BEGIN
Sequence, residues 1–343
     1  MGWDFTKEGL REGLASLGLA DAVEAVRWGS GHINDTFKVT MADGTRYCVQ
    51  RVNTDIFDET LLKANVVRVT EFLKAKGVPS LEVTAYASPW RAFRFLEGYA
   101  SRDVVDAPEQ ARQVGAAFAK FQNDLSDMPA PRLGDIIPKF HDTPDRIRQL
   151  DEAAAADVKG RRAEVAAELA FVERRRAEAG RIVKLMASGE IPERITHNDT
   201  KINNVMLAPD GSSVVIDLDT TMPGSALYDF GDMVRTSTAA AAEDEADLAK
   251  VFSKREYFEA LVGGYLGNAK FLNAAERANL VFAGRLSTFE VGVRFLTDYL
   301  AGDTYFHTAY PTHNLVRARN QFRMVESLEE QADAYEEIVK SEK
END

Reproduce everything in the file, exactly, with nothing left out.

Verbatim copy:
Sequence, residues 1–343
     1  MGWDFTKEGL REGLASLGLA DAVEAVRWGS GHINDTFKVT MADGTRYCVQ
    51  RVNTDIFDET LLKANVVRVT EFLKAKGVPS LEVTAYASPW RAFRFLEGYA
   101  SRDVVDAPEQ ARQVGAAFAK FQNDLSDMPA PRLGDIIPKF HDTPDRIRQL
   151  DEAAAADVKG RRAEVAAELA FVERRRAEAG RIVKLMASGE IPERITHNDT
   201  KINNVMLAPD GSSVVIDLDT TMPGSALYDF GDMVRTSTAA AAEDEADLAK
   251  VFSKREYFEA LVGGYLGNAK FLNAAERANL VFAGRLSTFE VGVRFLTDYL
   301  AGDTYFHTAY PTHNLVRARN QFRMVESLEE QADAYEEIVK SEK